When to Start Social Security Asked Often; What
Happens When You Do Not Return Overpayment
There is an easy way and then there are options a
little tougher for SSA to recover any overpayment
20, 2013 The often asked questions is answered again by Oscar Garcia,
Informational Specialist with the Social Security Administration. He
also has answers for a more touchy question - what happens when you do
not repay and overpayment from SSA.
I will be 66 next month. I have already enrolled
in Medicare, but I have not started my Social Security. When would be
the best time to start my retirement benefits?
Everyones situation is different, but here is some
information that will help you decide what is best for you. The age you
start receiving benefits can make a big difference in your monthly
benefit amount. You may need your monthly income to be sufficient for a
long time, because more people are living longer than ever before. For
example, the typical 65-year-old today will live to age 83, and one in
four 65-year-olds will live to age 90.
If you choose to delay receiving your retirement
benefit beyond full retirement age, your benefit will be increased by as
much as 8 percent for each year up to age 70. Your benefits will no
longer increase if you delay beyond age 70.
An important reason to delay your benefits for as
long as possible is realized when it comes to paying survivors benefits
on your record. If you are married and die before your spouse, he or she
may be eligible for a benefit based on your work record. If you wait
until after your full retirement age to begin receiving benefits, the
surviving spouse benefits based on your record will be higher. The
longer you wait past full retirement age, the higher the benefit that
can be paid to your surviving spouse.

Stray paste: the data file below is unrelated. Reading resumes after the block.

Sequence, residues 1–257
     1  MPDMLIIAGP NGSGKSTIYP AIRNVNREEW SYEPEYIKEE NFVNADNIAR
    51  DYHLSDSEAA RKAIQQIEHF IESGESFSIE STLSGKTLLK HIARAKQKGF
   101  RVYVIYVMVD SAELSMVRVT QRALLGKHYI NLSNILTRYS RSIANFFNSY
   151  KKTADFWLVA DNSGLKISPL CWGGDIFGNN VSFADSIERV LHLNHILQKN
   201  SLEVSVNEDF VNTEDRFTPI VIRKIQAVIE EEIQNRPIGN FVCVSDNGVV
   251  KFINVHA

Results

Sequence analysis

Some people choose to start benefits when they
reach full retirement age. This is because you can work and earn as much
as you want and still receive your full Social Security benefit payment.
Also, additional work may increase your benefits.
Each year we review the records for all Social Security recipients who
work. If your latest year of earnings turns out to be one of your
highest years, we refigure your benefit and pay you any increase due.
For more information and to find copies of our
publications, visit our website at
can also call toll-free, 1-800-772-1213. We can answer specific
questions from 7 a.m. to 7 p.m., Monday through Friday. Generally, you
will have a shorter wait time if you call early or late.
What happens if I do not repay my overpayment?
If you are currently receiving benefits, you can
agree to withhold a portion of your future month's payments. If you are
no longer receiving benefits, we can withhold any Federal payment you
may be due including your income tax refund.
We also can ask your employer to withhold some of
your wages to repay the overpayment, and we can collect the overpayment
from your benefits if you become entitled again later. Contact Social
Security to find out your best option for repaying the overpayment.
Oscar Garcia is a Public Affairs Specialist with
the Social Security Administration. You can direct your questions to him
at: SSA, 411 Richland Hills Drive, San Antonio, Texas, 78245. You can
also email him at
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